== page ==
‘There are always lots of things happening, including children’s workshops and Lego… it is at the heart of the community.’ Arundel Museum is always a hive of activity, more so than ever, as visitors enjoy the new exhibition, ‘Rebuilding Arundel Castle.’ The new exhibition has proven to be fascinating in understanding the architectural origin of the castle that contributes to Arundel’s impressive skyline. When visiting the exhibition, I was interested to find out more about the Museum, so met up with Heather Gayler, the museums Manager, to find out more.

In 1964, Arundel Museum could be found underneath the town hall, in the historic jailhouse (which all things considered, was rather fitting for a museum!) However, in 1975, the museum was moved to the high street, before finding its permanent and well-loved home on Mill Road, in a freshly constructed building. Arundel Museum has been a labour of love for so many local residents, with the late Pauline Carder (MBE) being the driving force of the creation and legacy of the museum. However, Rosemary Hagedorn also plays a pivotal role in the running of the museum, who assembled the funds in order to apply for a heritage lottery fund grant, allowing for the construction of the new museum we are accustomed to today. Furthermore, she also writes the outstanding information boards for all museum exhibits, with the most recent, being no exception…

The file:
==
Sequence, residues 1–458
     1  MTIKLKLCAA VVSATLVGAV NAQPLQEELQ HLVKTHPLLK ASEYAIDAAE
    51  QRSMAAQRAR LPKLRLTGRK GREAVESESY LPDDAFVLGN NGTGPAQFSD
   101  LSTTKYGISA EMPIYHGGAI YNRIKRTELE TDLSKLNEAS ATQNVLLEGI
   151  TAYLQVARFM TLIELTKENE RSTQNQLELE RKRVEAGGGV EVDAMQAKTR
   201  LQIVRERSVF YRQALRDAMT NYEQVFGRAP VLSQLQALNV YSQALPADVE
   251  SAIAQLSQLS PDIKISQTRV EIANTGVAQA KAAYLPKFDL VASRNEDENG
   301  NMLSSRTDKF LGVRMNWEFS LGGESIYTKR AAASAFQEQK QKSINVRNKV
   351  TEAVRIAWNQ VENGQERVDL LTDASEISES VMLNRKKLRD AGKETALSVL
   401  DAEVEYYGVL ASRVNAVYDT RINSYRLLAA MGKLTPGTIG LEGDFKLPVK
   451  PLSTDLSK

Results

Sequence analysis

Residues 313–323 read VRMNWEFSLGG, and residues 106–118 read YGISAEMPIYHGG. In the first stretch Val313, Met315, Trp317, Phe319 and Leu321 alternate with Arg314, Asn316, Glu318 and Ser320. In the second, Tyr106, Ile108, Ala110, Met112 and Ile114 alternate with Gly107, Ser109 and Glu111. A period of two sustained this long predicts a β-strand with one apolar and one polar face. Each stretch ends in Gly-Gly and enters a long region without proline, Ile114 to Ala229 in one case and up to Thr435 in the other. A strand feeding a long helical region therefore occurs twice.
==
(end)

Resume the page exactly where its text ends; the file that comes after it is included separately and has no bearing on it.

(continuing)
The new exhibition, ‘Rebuilding Arundel Castle,’ explains the structural and interior changes made to the castle. As well as the economic context, and details on key people involved in the project. The ‘Rebuilding of Arundel Castle’ was the 15th Duke of Norfolk’s major building project, which aimed to secure the castle for the next 1000 years. It lasted between the late 1870's-1900's and aimed to restore and enhance the medieval exterior and create an up-to-date country house interior. Heather Gayler explained that the refurbishment was something Duke Henry was passionate about, because he wanted to continue his father’s refurbishment plans, who had passed away prematurely, before having the opportunity to complete what he had started. Furthermore, Heather emphasised how well-liked the famously scruffy philanthropist was, building local schools and Norwich Catholic Cathedral.   

The creation of the exhibition relied on the work of around 20 volunteers, including researchers, artists, Arundel Castle Archives, The West Sussex Record Office, and His Grace, the Duke of Norfolk. The museum first had the idea to create this exhibition 15 months ago, and has been in the making for just over a year. The exhibition runs until the 28th of January, however, there are lots of other interesting exhibits available all year round, such as listening to the firsthand accounts of local residents involvement in WW2.

Arundel Museum has proven to be a treasured part of the community, offering interactive ways to uncover the small towns secrets, as well as enriching children’s wider education. Furthermore, it allow's Arundel’s many tourists an opportunity to meet local volunteers and discover the different strings to Arundel’s bow.